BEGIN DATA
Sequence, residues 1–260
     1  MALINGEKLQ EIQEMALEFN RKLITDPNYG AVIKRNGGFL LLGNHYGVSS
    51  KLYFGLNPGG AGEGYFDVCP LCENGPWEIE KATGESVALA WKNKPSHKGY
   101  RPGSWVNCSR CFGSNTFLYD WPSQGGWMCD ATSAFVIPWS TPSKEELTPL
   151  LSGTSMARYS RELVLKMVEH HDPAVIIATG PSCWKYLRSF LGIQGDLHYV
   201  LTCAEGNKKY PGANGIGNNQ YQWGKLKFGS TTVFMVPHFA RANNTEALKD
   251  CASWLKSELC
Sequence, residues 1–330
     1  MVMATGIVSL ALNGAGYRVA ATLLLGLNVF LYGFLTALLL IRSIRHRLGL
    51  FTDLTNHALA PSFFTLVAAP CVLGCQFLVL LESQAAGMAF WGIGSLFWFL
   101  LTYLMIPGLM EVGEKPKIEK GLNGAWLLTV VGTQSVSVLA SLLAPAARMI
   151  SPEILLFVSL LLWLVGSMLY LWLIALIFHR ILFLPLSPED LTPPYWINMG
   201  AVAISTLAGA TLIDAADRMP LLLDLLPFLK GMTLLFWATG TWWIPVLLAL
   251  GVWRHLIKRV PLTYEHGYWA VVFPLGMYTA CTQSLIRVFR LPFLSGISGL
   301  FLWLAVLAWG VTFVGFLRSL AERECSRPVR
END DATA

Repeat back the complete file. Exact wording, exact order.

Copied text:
Sequence, residues 1–260
     1  MALINGEKLQ EIQEMALEFN RKLITDPNYG AVIKRNGGFL LLGNHYGVSS
    51  KLYFGLNPGG AGEGYFDVCP LCENGPWEIE KATGESVALA WKNKPSHKGY
   101  RPGSWVNCSR CFGSNTFLYD WPSQGGWMCD ATSAFVIPWS TPSKEELTPL
   151  LSGTSMARYS RELVLKMVEH HDPAVIIATG PSCWKYLRSF LGIQGDLHYV
   201  LTCAEGNKKY PGANGIGNNQ YQWGKLKFGS TTVFMVPHFA RANNTEALKD
   251  CASWLKSELC
Sequence, residues 1–330
     1  MVMATGIVSL ALNGAGYRVA ATLLLGLNVF LYGFLTALLL IRSIRHRLGL
    51  FTDLTNHALA PSFFTLVAAP CVLGCQFLVL LESQAAGMAF WGIGSLFWFL
   101  LTYLMIPGLM EVGEKPKIEK GLNGAWLLTV VGTQSVSVLA SLLAPAARMI
   151  SPEILLFVSL LLWLVGSMLY LWLIALIFHR ILFLPLSPED LTPPYWINMG
   201  AVAISTLAGA TLIDAADRMP LLLDLLPFLK GMTLLFWATG TWWIPVLLAL
   251  GVWRHLIKRV PLTYEHGYWA VVFPLGMYTA CTQSLIRVFR LPFLSGISGL
   301  FLWLAVLAWG VTFVGFLRSL AERECSRPVR